Description

This invention relates to an automatic optical drawing machine for drawing a predetermined pattern of precision optical images on a photosensive material, and more particularly to an automatic focusing apparatus and method in such an optical drawing machine.

In order to draw a precision optical image on a photosensive material, it is necessary to continuously put a sensive surface of the photosensive material in a depth of focus of imaging lens assembly. However, as is well known, the depth of focus decreases as a resolving power of the imaging lens assembly increases. The resolving power must be increased to increase precision of an optical image and a pattern to be drawn.

A relationship between a resolving power and a depth of focus, of a lens will be described below in brief.

In order to increase the resolving power of a lens, it is necessary to increase numerical aperture (N.A.) of the lens. As is well known, a theoretical resolution limit of an ideal lens is determined by a spatial cut-off frequency (νc) when OTF(optical transfer function) is zero. The spatial cut-off frequency (νc) is given by the following equation;

νc =2 (N.A.)/λ

wherein λ is a wavelength of light used.

As can be seen from the above equation, N.A. must be increased to increase νc, and, accordingly, the resolving power, when λ is constant.

On the other hand, the depth (Δ) of focus is given by the following equation;

Δ=λ/[2 (N.A.)2 ]

As can be seen from this equation, when N.A. is increased, Δ is decreased. It should be noted that the resolving power varies in proportion to N.A. as a linear function and that the depth of focus varies in inverse proportion to the square of N.A.. Therefore, it is inevitable that the depth of focus becomes small to make a precision of an optical image higher and to obtain clear and sharp edges of a profile of an optical image.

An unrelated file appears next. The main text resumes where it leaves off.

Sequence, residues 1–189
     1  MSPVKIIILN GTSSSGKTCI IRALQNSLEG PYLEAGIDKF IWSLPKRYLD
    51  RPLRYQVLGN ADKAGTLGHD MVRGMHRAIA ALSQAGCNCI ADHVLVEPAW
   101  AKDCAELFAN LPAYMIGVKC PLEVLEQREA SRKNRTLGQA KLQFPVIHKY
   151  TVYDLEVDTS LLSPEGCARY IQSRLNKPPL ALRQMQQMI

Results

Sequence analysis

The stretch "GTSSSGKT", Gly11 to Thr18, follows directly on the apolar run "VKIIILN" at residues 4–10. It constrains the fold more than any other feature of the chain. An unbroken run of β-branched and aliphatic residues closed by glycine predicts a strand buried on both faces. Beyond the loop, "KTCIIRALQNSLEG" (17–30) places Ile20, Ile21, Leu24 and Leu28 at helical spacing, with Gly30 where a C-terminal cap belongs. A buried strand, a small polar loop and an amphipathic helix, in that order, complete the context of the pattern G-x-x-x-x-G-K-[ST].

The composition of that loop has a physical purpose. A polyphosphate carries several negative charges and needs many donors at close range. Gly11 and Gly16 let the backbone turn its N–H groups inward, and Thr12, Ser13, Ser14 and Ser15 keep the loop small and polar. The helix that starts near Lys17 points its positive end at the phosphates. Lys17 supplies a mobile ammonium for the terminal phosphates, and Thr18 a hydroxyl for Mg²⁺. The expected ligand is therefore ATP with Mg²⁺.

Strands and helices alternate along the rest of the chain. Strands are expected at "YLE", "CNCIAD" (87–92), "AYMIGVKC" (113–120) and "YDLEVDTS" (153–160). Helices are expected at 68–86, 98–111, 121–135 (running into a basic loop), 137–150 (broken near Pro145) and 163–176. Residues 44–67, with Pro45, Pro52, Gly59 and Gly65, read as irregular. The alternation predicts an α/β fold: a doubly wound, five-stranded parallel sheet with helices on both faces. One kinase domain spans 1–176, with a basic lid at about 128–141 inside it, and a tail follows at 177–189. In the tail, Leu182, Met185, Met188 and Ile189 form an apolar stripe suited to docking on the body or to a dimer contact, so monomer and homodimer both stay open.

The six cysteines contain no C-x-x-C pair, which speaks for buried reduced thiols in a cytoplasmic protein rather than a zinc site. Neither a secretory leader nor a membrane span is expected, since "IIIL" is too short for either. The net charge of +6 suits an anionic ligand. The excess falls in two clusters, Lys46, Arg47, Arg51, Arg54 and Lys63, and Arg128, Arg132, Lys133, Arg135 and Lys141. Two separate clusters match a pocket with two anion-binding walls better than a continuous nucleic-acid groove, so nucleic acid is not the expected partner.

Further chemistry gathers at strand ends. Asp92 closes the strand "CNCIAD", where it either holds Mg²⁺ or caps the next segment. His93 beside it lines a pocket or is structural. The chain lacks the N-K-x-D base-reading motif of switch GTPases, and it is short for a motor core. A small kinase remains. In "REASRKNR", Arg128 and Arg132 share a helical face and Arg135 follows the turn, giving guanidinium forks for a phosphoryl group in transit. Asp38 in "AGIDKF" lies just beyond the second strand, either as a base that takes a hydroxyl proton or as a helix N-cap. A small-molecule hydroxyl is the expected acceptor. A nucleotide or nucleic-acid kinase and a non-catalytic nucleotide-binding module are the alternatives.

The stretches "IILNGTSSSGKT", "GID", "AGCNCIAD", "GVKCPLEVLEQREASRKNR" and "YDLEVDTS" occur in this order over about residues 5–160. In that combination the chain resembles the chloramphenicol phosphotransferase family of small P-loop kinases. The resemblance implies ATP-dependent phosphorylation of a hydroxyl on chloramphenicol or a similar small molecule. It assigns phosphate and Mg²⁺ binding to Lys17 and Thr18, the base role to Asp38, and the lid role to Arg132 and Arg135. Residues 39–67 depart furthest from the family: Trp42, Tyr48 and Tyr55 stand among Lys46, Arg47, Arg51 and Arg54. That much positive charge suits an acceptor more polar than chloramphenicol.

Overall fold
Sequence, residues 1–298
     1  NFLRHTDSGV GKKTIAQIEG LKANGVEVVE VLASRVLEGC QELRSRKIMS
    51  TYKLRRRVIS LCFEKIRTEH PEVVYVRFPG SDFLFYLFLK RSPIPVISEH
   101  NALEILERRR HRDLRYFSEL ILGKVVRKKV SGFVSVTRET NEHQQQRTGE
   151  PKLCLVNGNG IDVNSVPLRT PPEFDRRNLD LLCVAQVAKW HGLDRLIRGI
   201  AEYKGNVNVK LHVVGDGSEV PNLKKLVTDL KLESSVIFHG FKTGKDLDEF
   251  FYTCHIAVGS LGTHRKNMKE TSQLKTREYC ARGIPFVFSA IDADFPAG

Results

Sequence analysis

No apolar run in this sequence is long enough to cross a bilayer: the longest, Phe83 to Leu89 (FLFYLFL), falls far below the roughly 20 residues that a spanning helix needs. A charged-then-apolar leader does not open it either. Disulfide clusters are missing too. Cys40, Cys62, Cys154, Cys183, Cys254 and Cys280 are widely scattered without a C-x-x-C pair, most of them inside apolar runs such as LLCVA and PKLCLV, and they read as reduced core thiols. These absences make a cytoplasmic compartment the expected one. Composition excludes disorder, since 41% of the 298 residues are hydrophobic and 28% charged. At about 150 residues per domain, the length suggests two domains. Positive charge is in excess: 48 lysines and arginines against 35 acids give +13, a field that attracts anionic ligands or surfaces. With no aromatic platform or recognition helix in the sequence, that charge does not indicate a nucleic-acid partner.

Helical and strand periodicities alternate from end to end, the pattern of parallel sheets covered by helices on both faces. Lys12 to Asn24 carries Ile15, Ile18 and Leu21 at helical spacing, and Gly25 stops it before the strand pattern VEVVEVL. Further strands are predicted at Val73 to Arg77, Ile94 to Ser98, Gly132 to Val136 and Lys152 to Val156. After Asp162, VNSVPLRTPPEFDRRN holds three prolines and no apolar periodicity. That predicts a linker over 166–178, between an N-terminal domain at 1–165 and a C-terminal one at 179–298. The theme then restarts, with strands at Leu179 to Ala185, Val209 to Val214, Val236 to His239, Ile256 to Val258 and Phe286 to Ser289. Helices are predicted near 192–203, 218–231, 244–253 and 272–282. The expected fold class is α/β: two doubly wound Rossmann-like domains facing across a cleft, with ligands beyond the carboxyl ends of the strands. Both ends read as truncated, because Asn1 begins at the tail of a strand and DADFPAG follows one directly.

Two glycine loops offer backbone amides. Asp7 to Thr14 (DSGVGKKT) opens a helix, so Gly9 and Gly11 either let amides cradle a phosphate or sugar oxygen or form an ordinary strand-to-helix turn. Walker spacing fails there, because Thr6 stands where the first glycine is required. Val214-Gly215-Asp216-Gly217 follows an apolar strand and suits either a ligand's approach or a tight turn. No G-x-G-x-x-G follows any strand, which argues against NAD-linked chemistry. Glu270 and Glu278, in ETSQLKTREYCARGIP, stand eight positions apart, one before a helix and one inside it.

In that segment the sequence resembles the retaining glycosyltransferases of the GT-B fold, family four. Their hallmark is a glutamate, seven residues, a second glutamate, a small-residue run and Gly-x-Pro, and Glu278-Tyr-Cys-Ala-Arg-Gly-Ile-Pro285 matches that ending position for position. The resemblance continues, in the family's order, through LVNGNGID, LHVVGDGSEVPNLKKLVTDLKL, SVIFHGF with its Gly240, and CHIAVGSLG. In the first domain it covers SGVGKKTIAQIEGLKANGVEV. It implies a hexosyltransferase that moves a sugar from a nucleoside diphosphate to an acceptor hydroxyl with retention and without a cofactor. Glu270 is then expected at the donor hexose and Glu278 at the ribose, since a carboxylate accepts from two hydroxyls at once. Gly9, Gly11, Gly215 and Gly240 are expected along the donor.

An optical drawing machine of prior art is shown in FIGS. 1A through 1C. The machine 50 has a drawing optical means on a photohead 51 and a drawing table 52 carrying a photosensive material thereon. The drawing table 52 is located so that it is perpendicular to an optical axis of the optical means. A relative two-dimentional movement occurs in the plane of the drawing table 52, between the photohead 51 and the drawing table 52. In the illustrated arrangement, the drawing table 52 moves in X-axis and the photohead 51 moves in Y-axis. The drawing table 52 and the photohead 51 move in the respective directions mentioned above in accordance with output signals of a numerical control device to automatically draw an optical image on the photosensive material. However, in the optical drawing machine of prior art, two problems must be solved in order to form an optical image on the photosensitive material located on the drawing table 52 within the depth of focus of the drawing optical means of the photohead 51. The first problem is that it is very difficult to ensure a surface flatness of the photosensitive material ( a glass dry plate is usually used as the photosensitive material ). The second problem is an occurrence of dimensional errors of the position of the photosensitive material relative to the optical means, in the direction of the depth of focus due to rolling or pitching of movable parts of the machine, accidental displacements of the drawing table or mechanical deformation of frames of the machine.

In order to solve the first problem, it is known to suck the photosensitive material onto the drawing table by means of vacuum suction. However, in this way of vacuum suction, no clear image can be expected to be drawn, when the depth of focus is small. It is also known to provide a supporting block 54 on the drawing table 54 on the drawing table 52 for supporting the photosensitive material 53 so that the surface of the photosensitive material 53 is parallel to the surface of the drawing table 52, as shown in FIG. 2, thereby to keep the surface of the photosensitive material within the depth of focus. However, the supporting block can compensate only for the failure of the provision of parallel front and rear side surfaces of the photosensitive material and cannot compensate for errors in flatness of the surfaces, due to warp or curvature of the surfaces of the like. The errors in flatness of the surface becomes large when the photosensitive material has a large size.